Syphax Family history ties to Freedman's Village
February 28, 2012
Freed but still living under scrutiny of the government, former slaves of Freedman's Village struggled to get recognition and respect.
One Family in particular, the Syphax's, have a more connected historical tie to the land where Freedman's Village once stood. Charles and Maria Syphax were originally owned by George and Martha Washington at Mount Vernon. After the former president's death, Martha's grandson from her first marriage, George Washington Parke Custis, inherited the Mount Vernon slaves, according to the Syphax Family history on the Black Heritage Museum of Arlington, Virginia, website.
Upon completion of all construction on Custis's new home the Custis-Lee Mansion which is now in Arlington National Cemetery, Charles became the supervisor of the formal dining room. Maria, his wife, also worked inside the house as a maid and was in contact with Custis Family members often, according to the museum's website.
Maria, with her two children Elinor and William Syphax, were granted their freedom in 1826 and were to inherit 17.5 acres of the 1,100 acre Custis-Lee Mansion property, also known as Arlington House.
"John Syphax [Charles and Maria's son] was superintendent of the poor, which is the equivalent of the welfare system," said Craig Syphax, president of Black Heritage Museum of Arlington, Virginia, and great-nephew of John Syphax. "He was in charge of making sure the poor got what they needed if they were free."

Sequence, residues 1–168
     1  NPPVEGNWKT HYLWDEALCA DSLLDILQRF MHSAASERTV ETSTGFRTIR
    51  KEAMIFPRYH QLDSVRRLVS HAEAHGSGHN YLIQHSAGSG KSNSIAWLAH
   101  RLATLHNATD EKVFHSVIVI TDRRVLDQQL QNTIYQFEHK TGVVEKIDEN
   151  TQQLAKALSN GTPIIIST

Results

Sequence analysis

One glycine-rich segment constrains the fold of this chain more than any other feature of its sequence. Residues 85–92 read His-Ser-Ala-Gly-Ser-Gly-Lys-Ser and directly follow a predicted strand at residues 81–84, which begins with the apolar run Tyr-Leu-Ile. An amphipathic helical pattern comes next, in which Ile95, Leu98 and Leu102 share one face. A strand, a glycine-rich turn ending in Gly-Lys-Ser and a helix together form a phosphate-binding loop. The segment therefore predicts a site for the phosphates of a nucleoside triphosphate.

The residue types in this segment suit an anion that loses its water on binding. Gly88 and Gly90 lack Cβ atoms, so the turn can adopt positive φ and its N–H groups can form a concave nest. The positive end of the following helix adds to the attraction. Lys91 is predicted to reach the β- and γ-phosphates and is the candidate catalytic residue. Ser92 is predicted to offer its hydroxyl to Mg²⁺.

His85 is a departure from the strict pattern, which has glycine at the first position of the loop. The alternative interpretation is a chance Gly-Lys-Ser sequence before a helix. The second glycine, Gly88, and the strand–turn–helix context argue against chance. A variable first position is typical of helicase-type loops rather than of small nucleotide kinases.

John also served on the Board of Supervisors in 1872 and was elected Delegate to the General Assembly and served as a Justice of the Peace in the Arlington Magisterial District, according to a Freedman's Village pamphlet by the Virginia Foundation for the Humanities and Public Policy
His brother Austin, as mentioned in the pamphlet, served as Justice of the Peace in 1875.
Syphax also explained his grandfather, William Syphax another son of Maria and Charles, was a prominent lawyer and politician.
Today, only Craig and his brother live in Arlington, the rest of the Family have either passed away or moved out of the area.
Charles died in 1869 and his wife in 1885. Both were buried in a Family plot where Henderson Hall currently stands, however, they were re-interred in 1944 at Lincoln Memorial Cemetery in Suitland, Md.